What’s important to remember is that venture capital is the most expensive startup financing choice and is neither appropriate nor necessary for every business. Nobody mentions this to founders as they’re encouraged to put all their hopes into ever more incubators, pitch workshops, and accelerators, though. That’s bad for those organizations’ businesses. Sure, there’s the momentary ego boost from having your name splashed across tech blogs, but look closely. Many of those posts mention board seats taken, control relinquished, and finally, dilution. Oh no!
What’s that about? To compensate for the risk a startup represents and the opportunity cost of not investing elsewhere, pieces of a startup go to its investors. From there, the startup raises successive rounds of financing (seed, series A, B, etc.) because typically, it never gets more than 18 months of financing in one round (this varies). This serves as both a motivator for the startup and reduces risk for the investors. In each round, however, more pieces of the startup are handed over.
Furthermore, depending on liquidation preferences, should the company exit (it is acquired or goes public), the team won’t even be first in line to benefit from all of its hard work. Funding through customers and revenue, however, prevents this.
Advice for Bootstrapping Your Startup
Bootstrapping is just as viable an option for founders, but requires a different way of operating. If you’re not seeking venture capital investment, there are some important things to keep in mind.
First and foremost, master the finances around your startup.
Understand the ins and outs of your business model. Poke holes and don’t run from the hard questions about the sustainability of your startup. Think things through.
Make sure you have a firm grasp of the unit economics of your startup. This is especially crucial when every dollar counts. Understand the lifetime value of a customer (CLV) and then, learn how to minimize customer acquisition costs (CAC) while maximizing average revenue per user (ARPU). Look for ways to increase the velocity at which you take in revenue. I went as far as taking finance and accounting classes myself and much like when I learned Rails, read everything business-related I could. The effort has definitely helped.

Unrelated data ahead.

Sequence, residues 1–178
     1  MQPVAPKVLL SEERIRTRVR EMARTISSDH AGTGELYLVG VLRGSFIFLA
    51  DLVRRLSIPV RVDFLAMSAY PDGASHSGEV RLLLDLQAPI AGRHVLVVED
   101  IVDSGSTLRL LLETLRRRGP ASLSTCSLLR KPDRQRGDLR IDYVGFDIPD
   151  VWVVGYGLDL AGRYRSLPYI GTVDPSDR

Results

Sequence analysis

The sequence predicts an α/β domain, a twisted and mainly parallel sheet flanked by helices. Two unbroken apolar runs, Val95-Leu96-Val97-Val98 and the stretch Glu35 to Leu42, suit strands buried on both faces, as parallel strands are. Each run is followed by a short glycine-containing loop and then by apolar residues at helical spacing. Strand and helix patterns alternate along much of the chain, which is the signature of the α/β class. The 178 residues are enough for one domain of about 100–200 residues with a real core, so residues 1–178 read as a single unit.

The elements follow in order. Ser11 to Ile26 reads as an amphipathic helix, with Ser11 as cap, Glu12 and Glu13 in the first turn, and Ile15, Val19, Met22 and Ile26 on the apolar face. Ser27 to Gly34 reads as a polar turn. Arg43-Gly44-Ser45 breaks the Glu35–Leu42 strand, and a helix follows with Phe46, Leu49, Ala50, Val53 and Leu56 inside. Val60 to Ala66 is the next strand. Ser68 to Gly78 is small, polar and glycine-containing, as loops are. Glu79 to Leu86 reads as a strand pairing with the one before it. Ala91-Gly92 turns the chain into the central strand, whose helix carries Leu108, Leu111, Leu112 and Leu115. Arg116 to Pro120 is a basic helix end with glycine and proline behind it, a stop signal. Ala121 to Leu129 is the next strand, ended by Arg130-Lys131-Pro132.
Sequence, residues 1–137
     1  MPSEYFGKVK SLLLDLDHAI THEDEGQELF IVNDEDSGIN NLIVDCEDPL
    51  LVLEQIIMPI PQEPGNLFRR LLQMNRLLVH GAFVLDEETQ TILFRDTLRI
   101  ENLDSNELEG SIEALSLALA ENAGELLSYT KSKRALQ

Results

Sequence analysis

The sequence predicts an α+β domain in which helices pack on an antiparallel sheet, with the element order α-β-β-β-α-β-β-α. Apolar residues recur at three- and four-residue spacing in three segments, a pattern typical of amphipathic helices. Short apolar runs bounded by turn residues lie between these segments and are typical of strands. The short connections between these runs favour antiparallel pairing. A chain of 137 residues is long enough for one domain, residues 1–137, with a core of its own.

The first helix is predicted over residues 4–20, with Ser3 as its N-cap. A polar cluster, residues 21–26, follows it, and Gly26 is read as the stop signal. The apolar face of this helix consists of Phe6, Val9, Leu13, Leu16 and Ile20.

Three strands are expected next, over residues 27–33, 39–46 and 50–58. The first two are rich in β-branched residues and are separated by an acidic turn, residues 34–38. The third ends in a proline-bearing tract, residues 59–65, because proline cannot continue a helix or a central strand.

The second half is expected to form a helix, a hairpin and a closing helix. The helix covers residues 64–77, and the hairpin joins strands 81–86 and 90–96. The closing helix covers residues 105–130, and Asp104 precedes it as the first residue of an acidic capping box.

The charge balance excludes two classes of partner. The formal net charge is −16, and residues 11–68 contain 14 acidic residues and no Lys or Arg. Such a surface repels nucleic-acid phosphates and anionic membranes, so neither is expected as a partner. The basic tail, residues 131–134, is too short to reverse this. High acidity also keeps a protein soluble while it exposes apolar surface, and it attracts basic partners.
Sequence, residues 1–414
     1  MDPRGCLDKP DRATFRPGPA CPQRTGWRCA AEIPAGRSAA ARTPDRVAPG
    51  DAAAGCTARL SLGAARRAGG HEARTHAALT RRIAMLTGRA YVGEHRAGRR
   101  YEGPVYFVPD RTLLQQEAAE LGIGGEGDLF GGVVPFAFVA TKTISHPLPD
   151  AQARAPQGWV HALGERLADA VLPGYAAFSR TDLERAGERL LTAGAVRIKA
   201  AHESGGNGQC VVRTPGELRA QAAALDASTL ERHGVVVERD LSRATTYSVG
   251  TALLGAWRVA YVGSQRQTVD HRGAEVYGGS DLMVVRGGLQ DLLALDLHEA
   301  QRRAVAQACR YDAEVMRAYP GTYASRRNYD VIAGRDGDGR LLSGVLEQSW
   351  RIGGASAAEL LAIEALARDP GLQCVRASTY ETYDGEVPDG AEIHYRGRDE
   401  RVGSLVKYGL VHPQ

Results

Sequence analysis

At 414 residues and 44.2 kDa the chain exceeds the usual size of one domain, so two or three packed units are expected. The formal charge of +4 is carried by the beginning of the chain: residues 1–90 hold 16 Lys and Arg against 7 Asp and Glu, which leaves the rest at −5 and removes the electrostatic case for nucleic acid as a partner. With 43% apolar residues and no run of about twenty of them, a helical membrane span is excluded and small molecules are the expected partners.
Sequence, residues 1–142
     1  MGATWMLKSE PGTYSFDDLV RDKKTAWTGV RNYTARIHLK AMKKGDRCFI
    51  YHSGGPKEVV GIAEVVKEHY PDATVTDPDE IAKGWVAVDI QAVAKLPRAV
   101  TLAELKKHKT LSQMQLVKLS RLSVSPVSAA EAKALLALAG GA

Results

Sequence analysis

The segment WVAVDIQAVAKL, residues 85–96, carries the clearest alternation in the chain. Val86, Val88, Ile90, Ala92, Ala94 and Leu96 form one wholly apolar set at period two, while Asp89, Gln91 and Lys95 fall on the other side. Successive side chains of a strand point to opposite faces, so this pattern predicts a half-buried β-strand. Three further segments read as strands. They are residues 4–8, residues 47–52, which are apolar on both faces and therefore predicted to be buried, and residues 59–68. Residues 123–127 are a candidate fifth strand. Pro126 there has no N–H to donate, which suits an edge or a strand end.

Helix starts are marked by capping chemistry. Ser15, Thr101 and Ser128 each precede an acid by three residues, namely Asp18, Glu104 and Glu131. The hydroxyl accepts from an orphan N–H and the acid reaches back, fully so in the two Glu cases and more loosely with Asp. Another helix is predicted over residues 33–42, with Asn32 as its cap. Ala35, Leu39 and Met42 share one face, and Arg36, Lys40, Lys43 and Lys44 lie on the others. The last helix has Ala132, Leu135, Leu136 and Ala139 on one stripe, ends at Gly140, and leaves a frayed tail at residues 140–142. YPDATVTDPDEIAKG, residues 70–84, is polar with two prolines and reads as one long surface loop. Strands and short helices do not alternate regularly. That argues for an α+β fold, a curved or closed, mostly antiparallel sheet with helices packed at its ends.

As much as possible, avoid responsibilities that distract from generating revenue and moving the product forward. Without venture capital investment, this is easier said than done, but it can be done. It has to be done.
Third, prioritize building something people want, want to pay for, and continue to want to pay for.
These all require understanding the market and getting exceptionally close to your customers. Those relationships help you find what Warren Buffett calls the moat – namely, your startup’s sustainable competitive advantage. Pencil You In’s earliest customers are now friends and mentors and also became part of the customer advisory panel. Some are older women (who’d only ever worked for themselves) who wanted to help me as a young woman entrepreneur. Again, your difference can be an advantage!
Customer Service for Bootstrapped Companies
Last but not at all least, nail customer service. Your customers are the lifeblood of your bootstrapped startup, so you cannot take them for granted. Until you’ve deepened and widened your moat, they’ve the option to go somewhere else. There were some moments like this with Pencil You In (especially after it appeared on CNN!), but nothing stings as badly as a customer cancelling their account because you didn’t handle their needs well. Bootstrapped startups must prioritize keeping churn as low as possible.
More thoughts on customer service:
- Do a private beta and launch only to a limited number of people to prevent being overwhelmed and ensure a true understanding of their use of your product. Throw up a LaunchRock or a similar landing page to collect email addresses until you’re ready to launch to a wider audience.
- Tune your development and release processes in such a way to deploy releases as quickly as possible. Some of the happiest phone calls I’ve had with Pencil You In customers have come from them suggesting something and then seeing it shortly thereafter. Push!
- When it’s time, make payment as frictionless as possible.
- Use any opportunity and interaction with your customers to reinforce why they chose you. Do that, and they’ll encourage others to choose you.
Is there room for entrepreneurs that aren’t interested in venture capital? Of course.
Can you build a startup without venture capital? Of course.
Anybody that tells you otherwise probably has a pitch workshop for you to attend or a term sheet for you to sign. Dig deep and find problems to solve. Don’t be afraid to charge for your product. Don’t let your difference (you’re a woman, you’re a member of the LGBT community, etc.) prevent you from being a full participant in tech. Everything is possible.